Farm Ireland

Wednesday 22 November 2017

'The farms are run on a field basis, not on a clock basis'

My week: Pat Smyth

Pat Smyth (left) and Robert Baska on Paul Brophy's broccoli enterprise in Kildare.
Pat Smyth (left) and Robert Baska on Paul Brophy's broccoli enterprise in Kildare.
Broccoli harvesting gets underway. Photo: Roger Jones.

Ken Whelan

Harvesting is underway in the broccoli fields of Co Kildare and farm manager Pat Smyth and his team know they will be flat out in the fields from now until November.

Pat supervises all aspects of the work at the Paul Brophy Produce broccoli enterprise that stretches across 700ac of mainly rented land in the Lilywhite county from Naas to Kilcullen and over to Athy.

The work detail covers everything from plant propagation to harvesting and takes in agronomy, soil condition testing and nutrition, machinery care, refrigeration plant maintenance to say nothing of looking after the planting and harvesting teams who get the broccoli fresh to the supermarkets.

It's precision farming which uses every high tech option to get the best yields and lay low the vagaries of the Irish weather.

The farm supplies all the main supermarket chains with the green super food and has to compete aggressively with British and continental producers.

"The farms are run on a field basis, not on a clock basis so everyone has to be ready to go as soon as the broccoli has reached the standard size required by the supermarkets. The timing between planting and harvesting is critical," Pat explains.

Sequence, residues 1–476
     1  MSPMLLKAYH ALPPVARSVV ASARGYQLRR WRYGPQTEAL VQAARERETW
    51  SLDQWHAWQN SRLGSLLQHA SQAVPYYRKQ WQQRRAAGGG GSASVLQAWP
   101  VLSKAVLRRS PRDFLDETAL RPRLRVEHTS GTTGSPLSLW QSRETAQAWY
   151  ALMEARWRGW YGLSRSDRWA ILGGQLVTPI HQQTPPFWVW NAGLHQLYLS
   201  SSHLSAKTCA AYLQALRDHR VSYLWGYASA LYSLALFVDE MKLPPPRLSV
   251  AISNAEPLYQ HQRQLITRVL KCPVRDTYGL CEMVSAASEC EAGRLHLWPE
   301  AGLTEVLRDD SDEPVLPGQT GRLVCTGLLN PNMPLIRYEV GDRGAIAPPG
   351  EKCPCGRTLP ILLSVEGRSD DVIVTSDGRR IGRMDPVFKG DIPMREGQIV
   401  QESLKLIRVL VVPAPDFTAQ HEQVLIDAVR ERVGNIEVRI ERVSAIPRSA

"It's very labour intensive and very weather dependent. Two weeks ago we were irrigating some of the fields and today we are racing against the rain," says the 38-year-old horticulturist.

It's a long way from his upbringing on the family's dairy farm the Moneygall side of Roscrea.

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In the late 1990s he studied horticulture in Warrenstown agriculture college where he did his off campus practical work at the Brophy's farm outside Naas.

Back then the Brophys only used a few acres on the home farm for vegetable production but when Pat graduated he returned to the Kildare farm and stayed there rather than return to the home farm which is now run by his brother, Joe.

Just over a decade ago, Paul Brophy took the decision to specialise in broccoli because the land type in Kildare was suited to the vegetable. Paul Brophy Produce was born and nobody has looked back ever since.

It's a one-stop shop with everything on site from the 12 million seeds required for the fields and to the technology required to get the broccoli to the consumer.

The workforce comes from Poland, Lithuania and Romania for the season because, as Pat puts it, "you are not going to get twenty lads queuing up in Naas to do this job".

Many of the workers have been coming to Ireland for years to undertake the March to November season.

They are split into planting and harvesting teams and flexibility is critical to this side of the operation because the crops have to be timed to grow to the required size at precise times during the growing and harvesting seasons.

The enterprise also takes in horticultural students and has had some from Kildalton, Pallaskenry and Blanchardstown IT on the books over the past decade, but Pat observes that the interest here has waned somewhat of late.

Annual yields can range from two to seven tonnes per acre and to lift this volume takes time - the work can run late into the night at the height of the season.

So what does a horticulturist do in his downtime, I ask?

"I still play a bit of hurling at junior level with Sallins and I have a good interest in rugby.

"I also do a bit of marathon running," he adds almost as an afterthought.

Pat has so far completed four marathons - Dublin, Belfast, Edinburgh and Connemara - and has a personal best of 3 hours 43 minutes which sounds very impressive to untrained individuals like myself.

"If I train like mad and if I do it properly I think I could do a marathon in less than three and a half hours," he adds.

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